Paul Martin, SJ
Amerindian Heritage Month is an annual observance in Guyana during September to honour its Indigenous Peoples. There is focus on languages, food, dance, lifestyles, and culture of the various Amerindian groups. But the point is that this is a celebration for all Guyanese, not just its Indigenous Peoples, as “they” are part of “us.”
To start, we call to mind “Doctrines of Dispossession” – the racism against Indigenous Peoples and describing their historical situation in the New World.
As white European colonizers arrived in the New World, they settled with drastic results. The Indigenous Peoples were pushed aside and marginalized by the dominant descendants of Europeans. Some peoples disappeared, or nearly so. Modern estimates place the 15th century, or pre-Columbus, population of North America at 10 to 12 million. By the 1890s, it was reduced to approximately 300,000.
In parts of Latin America, the results were similar; in others, there are still majority indigenous populations. But even in those areas, Indigenous Peoples are often at a disadvantage. Indigenous Peoples in Latin America still face the same obstacles as Indigenous Peoples elsewhere – primarily, separation from their lands. And that separation is usually based on distinctions originally deriving from race.”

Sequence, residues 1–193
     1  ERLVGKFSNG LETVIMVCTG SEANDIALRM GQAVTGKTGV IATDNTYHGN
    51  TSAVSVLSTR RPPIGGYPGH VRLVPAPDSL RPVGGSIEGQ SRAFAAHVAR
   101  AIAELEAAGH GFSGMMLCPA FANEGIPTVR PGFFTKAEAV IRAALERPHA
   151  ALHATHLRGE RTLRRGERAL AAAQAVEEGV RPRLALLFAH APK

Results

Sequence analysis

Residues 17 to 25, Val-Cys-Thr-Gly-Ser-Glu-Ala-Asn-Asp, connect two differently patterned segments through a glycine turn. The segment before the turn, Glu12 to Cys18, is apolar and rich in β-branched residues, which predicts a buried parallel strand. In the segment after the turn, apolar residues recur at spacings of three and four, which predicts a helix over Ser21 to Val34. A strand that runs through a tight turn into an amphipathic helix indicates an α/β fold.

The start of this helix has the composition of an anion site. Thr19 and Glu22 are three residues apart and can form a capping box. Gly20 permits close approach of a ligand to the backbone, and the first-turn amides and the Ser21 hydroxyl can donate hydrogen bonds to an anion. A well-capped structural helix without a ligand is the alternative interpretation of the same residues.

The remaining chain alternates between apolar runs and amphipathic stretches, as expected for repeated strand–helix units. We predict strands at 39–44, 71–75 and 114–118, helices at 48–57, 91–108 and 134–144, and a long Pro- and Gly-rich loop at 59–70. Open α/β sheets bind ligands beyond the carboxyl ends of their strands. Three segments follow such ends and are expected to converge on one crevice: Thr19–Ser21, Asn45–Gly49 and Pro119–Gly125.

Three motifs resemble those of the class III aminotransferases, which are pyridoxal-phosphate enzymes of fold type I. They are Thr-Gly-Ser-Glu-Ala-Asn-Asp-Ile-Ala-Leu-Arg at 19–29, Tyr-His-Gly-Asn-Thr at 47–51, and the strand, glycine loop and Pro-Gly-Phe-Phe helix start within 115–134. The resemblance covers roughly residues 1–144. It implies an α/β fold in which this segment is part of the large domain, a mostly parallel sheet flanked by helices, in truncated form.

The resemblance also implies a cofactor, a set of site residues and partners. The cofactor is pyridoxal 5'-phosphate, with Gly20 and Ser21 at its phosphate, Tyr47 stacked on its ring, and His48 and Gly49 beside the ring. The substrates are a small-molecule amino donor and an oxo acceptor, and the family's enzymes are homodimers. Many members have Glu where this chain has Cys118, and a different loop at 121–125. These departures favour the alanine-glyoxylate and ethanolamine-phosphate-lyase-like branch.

While it is fair to say that Amerindians continued to be maltreated by “dominant descendants of Europeans” in most of Latin America, the United States, and Canada, Guyana’s situation in recent decades has been different.
In Guyana, the state and cultural power is not held by one group of people who are descendants of imperial oppressors. For all intents and purposes, the descendants of the former colonizers – the British, French and Dutch – have long gone. The three major racial groups who were left to make up the population of Guyana – the Africans, the East Indians, and the Amerindians – were each wronged by the colonial powers, but wronged in distinct ways.